At General Mills, Harold "Bud" Froehlich led the development of Alvin, a deep-sea submersible that was small, independently maneuverable, and able to withstand the crushing pressure of the deep ocean. Ultimately, Alvin could hold three people and dive to over 14,000 feet, granting previously unavailable access to the ocean's depths and enabling groundbreaking research.
Froehlich's design contained a new and highly buoyant material called syntactic foam, hollow aluminum spheres, and Plexiglass windows, and featured a mechanical arm; detachable steel cockpit; propulsion units enabling forward, horizontal, and vertical movement; added ballast for improved underwater stability; and landing skids for resting on the ocean floor.
Owned by the U.S. Navy and operated by Woods Hole Oceanographic Institution, Alvin took its first dive in 1964. During the Cold War in 1966, Alvin located a lost hydrogen bomb off the Spanish Coast. In 1974, Alvin allowed scientists to map the Mid-Atlantic Ridge, which helped confirm the theory of plate tectonics and continental drift. In 1977, Alvin took scientists down 9,000 feet off the coast of the Galapagos Islands, where they found aquatic species like the giant tube worm—one of about 300 new species of animals whose discovery was enabled by Alvin. In 1986, Alvin made possible the first pictures of the sunken RMS Titanic. Alvin has also assisted with environmental waste studies and missions. Modified over the years, it is still in use today, the longest operating deep-sea submersible.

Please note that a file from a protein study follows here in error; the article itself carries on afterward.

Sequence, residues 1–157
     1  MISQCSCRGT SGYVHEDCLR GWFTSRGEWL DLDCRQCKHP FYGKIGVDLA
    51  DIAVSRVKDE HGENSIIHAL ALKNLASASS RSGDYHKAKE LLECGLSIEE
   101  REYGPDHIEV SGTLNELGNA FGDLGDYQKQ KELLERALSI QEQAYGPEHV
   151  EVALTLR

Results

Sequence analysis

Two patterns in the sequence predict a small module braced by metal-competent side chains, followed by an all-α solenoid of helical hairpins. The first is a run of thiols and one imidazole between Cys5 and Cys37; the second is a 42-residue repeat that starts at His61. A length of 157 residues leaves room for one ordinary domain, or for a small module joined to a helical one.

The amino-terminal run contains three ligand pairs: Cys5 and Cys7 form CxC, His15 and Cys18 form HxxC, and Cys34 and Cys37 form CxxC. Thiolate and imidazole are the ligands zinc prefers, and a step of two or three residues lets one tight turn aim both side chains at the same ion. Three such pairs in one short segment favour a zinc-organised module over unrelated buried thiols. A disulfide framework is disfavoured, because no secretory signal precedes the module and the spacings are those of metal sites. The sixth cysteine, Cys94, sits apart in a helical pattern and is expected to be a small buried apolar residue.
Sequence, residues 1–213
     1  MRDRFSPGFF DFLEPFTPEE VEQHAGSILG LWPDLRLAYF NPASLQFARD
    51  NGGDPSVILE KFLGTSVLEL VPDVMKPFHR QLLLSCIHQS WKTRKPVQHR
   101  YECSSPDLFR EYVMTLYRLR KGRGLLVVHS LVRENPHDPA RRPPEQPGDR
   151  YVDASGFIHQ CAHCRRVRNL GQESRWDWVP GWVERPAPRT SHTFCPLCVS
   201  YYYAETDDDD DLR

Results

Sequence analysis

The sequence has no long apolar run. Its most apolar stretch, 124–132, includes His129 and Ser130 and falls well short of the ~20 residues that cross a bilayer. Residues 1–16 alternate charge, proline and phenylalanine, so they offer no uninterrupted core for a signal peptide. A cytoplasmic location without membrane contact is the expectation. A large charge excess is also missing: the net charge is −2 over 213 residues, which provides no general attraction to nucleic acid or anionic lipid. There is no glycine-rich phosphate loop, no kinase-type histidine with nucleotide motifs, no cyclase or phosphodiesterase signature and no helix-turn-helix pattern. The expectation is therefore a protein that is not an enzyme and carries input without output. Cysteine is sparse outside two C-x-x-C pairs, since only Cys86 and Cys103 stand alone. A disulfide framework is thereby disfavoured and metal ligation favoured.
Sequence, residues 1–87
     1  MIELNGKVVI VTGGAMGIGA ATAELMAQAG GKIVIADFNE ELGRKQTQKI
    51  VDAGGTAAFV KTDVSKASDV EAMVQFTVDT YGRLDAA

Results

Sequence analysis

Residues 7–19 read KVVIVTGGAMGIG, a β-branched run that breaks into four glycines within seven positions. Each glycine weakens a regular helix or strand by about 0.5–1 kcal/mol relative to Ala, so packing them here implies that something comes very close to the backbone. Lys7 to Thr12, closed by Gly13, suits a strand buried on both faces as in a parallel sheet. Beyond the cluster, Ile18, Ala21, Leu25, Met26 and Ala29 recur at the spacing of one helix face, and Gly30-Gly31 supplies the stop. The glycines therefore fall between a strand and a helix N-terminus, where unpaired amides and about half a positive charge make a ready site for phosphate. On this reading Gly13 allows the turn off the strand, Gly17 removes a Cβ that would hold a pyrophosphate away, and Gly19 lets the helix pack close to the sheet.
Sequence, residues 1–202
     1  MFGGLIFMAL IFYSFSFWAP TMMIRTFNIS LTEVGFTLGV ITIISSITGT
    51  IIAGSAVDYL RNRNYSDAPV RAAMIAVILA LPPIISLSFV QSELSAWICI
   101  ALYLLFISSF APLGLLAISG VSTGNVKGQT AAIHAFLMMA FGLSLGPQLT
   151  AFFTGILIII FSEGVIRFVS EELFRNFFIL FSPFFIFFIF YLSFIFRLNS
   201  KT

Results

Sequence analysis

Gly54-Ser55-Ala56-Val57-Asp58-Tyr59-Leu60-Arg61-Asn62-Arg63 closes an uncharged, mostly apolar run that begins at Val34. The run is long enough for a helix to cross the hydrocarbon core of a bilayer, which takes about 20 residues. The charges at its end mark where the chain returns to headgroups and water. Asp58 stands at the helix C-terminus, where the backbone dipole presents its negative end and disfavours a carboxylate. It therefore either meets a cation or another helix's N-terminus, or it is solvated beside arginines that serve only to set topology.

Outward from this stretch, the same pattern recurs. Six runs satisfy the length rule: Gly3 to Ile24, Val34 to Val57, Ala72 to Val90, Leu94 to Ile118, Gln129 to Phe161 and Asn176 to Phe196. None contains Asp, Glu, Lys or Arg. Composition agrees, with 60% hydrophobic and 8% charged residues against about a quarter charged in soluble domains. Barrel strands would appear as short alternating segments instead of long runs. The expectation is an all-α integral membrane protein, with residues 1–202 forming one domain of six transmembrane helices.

Froehlich earned a B.S. in aeronautical engineering and mechanical engineering from the University of Washington, and an M.A. in aeronautical engineering from the University of Illinois, Urbana-Champaign. He held 17 patents.